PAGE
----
Dear Rosie & Sherry,
A few years ago I met a guy, Joshua, who I really liked. We developed a platonic friendship, and I eventually realized that I wanted much more than that. He has everything I’m looking for in a husband: deep, smart, attractive and good values.
I told him I thought we should start “dating,” and he said that although he was interested, he was not ready for that. So we agreed to date when he was ready, and continued to correspond on a regular basis. In the meantime, I was free to date other men.
Over the past year, I dated many guys, but never anyone like Joshua. In my heart I always waited for him. Then out of the blue, I found that he was engaged. I was crushed!
I have tried to move on and recently began dating someone who reminds me of Joshua, though he doesn't quite measure. Then on our last date, this guy started talking about his "good friend Joshua"! So you can imagine I haven't stopped thinking about Joshua since.
More and more, I find myself missing "the one who got away." So now I’m stuck. What suggestions do you have for me?
You're describing a quite common experience. You meet someone you really like, who seems to be exactly what you’ve always wanted. You form a connection and in your mind think, "This is it!"
The problem is when the next phase of the relationship fails to develop. You may in fact be dating each other, but the other person doesn't feel as you do, or doesn't have the same goals vis a vis marriage. Or the situation could be more like yours, where a friendship exists without the dating element. Yet no matter the circumstances, there is a strong degree of pain and disappointment when the longed-for relationship doesn't materialize. It may be difficult to accept and to let go of the idealization that was built up about the other person.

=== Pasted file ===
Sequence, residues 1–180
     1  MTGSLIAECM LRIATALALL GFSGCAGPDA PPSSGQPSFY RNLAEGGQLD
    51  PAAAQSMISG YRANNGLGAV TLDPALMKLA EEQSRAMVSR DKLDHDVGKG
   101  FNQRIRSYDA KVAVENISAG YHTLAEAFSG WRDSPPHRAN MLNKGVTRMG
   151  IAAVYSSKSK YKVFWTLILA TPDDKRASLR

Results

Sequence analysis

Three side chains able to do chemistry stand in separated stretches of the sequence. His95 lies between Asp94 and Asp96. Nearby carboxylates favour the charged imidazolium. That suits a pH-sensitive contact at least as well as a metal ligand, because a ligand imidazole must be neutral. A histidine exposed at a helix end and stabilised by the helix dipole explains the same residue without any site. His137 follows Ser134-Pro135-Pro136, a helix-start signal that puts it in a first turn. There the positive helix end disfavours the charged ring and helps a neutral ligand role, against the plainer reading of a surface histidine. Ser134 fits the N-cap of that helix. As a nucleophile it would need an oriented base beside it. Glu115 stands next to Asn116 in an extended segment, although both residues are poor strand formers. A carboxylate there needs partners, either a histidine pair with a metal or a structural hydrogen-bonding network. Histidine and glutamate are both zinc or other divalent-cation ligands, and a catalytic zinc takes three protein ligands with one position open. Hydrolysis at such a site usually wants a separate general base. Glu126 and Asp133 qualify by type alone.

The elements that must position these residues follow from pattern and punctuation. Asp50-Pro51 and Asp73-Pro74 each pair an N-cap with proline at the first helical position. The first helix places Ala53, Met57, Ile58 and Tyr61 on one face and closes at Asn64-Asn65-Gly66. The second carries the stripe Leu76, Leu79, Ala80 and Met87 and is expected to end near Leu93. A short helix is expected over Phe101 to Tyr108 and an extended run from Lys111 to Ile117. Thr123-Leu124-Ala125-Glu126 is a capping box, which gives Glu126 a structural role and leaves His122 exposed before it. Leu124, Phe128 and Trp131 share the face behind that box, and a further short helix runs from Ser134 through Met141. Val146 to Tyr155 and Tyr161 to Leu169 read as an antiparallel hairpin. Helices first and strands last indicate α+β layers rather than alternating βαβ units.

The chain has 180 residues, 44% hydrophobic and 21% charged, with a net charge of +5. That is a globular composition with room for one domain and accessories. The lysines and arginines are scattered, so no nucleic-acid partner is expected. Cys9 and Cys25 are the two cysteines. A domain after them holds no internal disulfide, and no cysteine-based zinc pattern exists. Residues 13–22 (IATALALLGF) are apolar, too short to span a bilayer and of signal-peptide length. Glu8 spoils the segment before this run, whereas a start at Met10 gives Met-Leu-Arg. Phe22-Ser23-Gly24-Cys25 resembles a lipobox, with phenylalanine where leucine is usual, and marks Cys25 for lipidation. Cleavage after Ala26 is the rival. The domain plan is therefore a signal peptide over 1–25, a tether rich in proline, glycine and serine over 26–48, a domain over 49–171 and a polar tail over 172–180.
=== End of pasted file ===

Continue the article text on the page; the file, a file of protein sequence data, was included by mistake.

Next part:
Let's look at what happened to you. You and Joshua maintained a correspondence, but not the way a dating couple would do with an eye toward marriage. It seems that for him the whole thing remained platonic, but you interpreted it as an intermediate step before actual dating. You expected to begin dating when he was ready, and your continuing friendship reinforced this expectation. Even though you dated other men, you kept holding him up as an ideal. None of those other men could ever measure up because you were waiting for him.
That’s why the news of his engagement so devastated you.
Going out with others meant this was a very loose agreement.
Now let’s try to step back and look a bit objectively. Even though you both agreed to date when he was ready, the fact that you were encouraged to go out with others meant this was a very loose agreement. It was reasonable to think that you might find someone else, or perhaps that you'd grow in different directions or change over time. So although Joshua had made you no commitment, you felt emotionally betrayed.
But know one thing: If he was the "right one" for you, things would have worked out differently than they did. This may sound trite, but it is true. And it is a message that you need to gradually learn to accept.
Awakening Old Pain